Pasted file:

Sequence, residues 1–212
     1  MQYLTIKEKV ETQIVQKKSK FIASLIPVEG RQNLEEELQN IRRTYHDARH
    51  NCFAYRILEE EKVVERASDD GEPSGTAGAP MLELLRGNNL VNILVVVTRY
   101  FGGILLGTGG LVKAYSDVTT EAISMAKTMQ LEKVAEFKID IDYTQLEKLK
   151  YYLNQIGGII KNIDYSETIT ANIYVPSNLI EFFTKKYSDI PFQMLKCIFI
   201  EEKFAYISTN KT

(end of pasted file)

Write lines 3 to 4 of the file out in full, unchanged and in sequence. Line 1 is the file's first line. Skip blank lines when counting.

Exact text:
    51  NCFAYRILEE EKVVERASDD GEPSGTAGAP MLELLRGNNL VNILVVVTRY
   101  FGGILLGTGG LVKAYSDVTT EAISMAKTMQ LEKVAEFKID IDYTQLEKLK